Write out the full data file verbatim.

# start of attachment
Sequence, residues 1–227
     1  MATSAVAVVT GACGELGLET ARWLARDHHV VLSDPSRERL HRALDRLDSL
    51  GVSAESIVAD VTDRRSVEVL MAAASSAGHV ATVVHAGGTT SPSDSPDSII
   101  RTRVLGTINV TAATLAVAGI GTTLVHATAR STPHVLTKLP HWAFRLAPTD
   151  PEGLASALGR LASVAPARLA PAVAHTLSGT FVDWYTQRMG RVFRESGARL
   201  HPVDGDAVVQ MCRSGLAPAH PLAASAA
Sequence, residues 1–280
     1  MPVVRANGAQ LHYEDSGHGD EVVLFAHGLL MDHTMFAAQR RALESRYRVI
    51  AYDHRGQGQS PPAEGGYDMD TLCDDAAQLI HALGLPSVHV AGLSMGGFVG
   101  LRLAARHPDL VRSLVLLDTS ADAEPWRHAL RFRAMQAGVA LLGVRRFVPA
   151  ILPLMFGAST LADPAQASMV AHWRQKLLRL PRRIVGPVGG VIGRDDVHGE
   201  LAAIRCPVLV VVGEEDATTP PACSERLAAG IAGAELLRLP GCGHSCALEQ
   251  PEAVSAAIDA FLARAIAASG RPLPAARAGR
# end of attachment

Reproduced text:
Sequence, residues 1–227
     1  MATSAVAVVT GACGELGLET ARWLARDHHV VLSDPSRERL HRALDRLDSL
    51  GVSAESIVAD VTDRRSVEVL MAAASSAGHV ATVVHAGGTT SPSDSPDSII
   101  RTRVLGTINV TAATLAVAGI GTTLVHATAR STPHVLTKLP HWAFRLAPTD
   151  PEGLASALGR LASVAPARLA PAVAHTLSGT FVDWYTQRMG RVFRESGARL
   201  HPVDGDAVVQ MCRSGLAPAH PLAASAA
Sequence, residues 1–280
     1  MPVVRANGAQ LHYEDSGHGD EVVLFAHGLL MDHTMFAAQR RALESRYRVI
    51  AYDHRGQGQS PPAEGGYDMD TLCDDAAQLI HALGLPSVHV AGLSMGGFVG
   101  LRLAARHPDL VRSLVLLDTS ADAEPWRHAL RFRAMQAGVA LLGVRRFVPA
   151  ILPLMFGAST LADPAQASMV AHWRQKLLRL PRRIVGPVGG VIGRDDVHGE
   201  LAAIRCPVLV VVGEEDATTP PACSERLAAG IAGAELLRLP GCGHSCALEQ
   251  PEAVSAAIDA FLARAIAASG RPLPAARAGR